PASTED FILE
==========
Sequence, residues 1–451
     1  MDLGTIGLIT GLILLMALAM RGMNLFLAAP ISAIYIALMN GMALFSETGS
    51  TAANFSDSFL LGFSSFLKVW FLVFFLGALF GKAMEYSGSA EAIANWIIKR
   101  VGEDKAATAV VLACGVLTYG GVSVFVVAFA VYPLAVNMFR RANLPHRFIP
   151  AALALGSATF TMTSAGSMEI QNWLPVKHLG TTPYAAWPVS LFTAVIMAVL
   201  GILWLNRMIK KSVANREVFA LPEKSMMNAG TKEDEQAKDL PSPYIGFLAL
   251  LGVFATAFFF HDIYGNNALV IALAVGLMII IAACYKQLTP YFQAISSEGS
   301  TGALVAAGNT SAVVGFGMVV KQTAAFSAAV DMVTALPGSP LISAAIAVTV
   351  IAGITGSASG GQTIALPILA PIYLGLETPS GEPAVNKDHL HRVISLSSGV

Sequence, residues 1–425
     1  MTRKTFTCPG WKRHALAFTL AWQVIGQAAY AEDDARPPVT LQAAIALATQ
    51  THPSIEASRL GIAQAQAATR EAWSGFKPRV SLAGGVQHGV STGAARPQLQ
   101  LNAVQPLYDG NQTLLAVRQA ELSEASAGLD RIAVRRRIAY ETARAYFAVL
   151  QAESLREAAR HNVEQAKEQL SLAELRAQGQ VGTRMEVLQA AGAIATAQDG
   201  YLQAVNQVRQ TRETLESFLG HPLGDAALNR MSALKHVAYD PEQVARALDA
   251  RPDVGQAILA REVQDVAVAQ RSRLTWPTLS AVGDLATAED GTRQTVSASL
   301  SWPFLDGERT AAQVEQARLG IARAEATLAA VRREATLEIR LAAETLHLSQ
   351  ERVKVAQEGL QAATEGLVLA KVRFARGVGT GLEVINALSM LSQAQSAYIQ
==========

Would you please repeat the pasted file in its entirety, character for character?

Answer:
Sequence, residues 1–451
     1  MDLGTIGLIT GLILLMALAM RGMNLFLAAP ISAIYIALMN GMALFSETGS
    51  TAANFSDSFL LGFSSFLKVW FLVFFLGALF GKAMEYSGSA EAIANWIIKR
   101  VGEDKAATAV VLACGVLTYG GVSVFVVAFA VYPLAVNMFR RANLPHRFIP
   151  AALALGSATF TMTSAGSMEI QNWLPVKHLG TTPYAAWPVS LFTAVIMAVL
   201  GILWLNRMIK KSVANREVFA LPEKSMMNAG TKEDEQAKDL PSPYIGFLAL
   251  LGVFATAFFF HDIYGNNALV IALAVGLMII IAACYKQLTP YFQAISSEGS
   301  TGALVAAGNT SAVVGFGMVV KQTAAFSAAV DMVTALPGSP LISAAIAVTV
   351  IAGITGSASG GQTIALPILA PIYLGLETPS GEPAVNKDHL HRVISLSSGV

Sequence, residues 1–425
     1  MTRKTFTCPG WKRHALAFTL AWQVIGQAAY AEDDARPPVT LQAAIALATQ
    51  THPSIEASRL GIAQAQAATR EAWSGFKPRV SLAGGVQHGV STGAARPQLQ
   101  LNAVQPLYDG NQTLLAVRQA ELSEASAGLD RIAVRRRIAY ETARAYFAVL
   151  QAESLREAAR HNVEQAKEQL SLAELRAQGQ VGTRMEVLQA AGAIATAQDG
   201  YLQAVNQVRQ TRETLESFLG HPLGDAALNR MSALKHVAYD PEQVARALDA
   251  RPDVGQAILA REVQDVAVAQ RSRLTWPTLS AVGDLATAED GTRQTVSASL
   301  SWPFLDGERT AAQVEQARLG IARAEATLAA VRREATLEIR LAAETLHLSQ
   351  ERVKVAQEGL QAATEGLVLA KVRFARGVGT GLEVINALSM LSQAQSAYIQ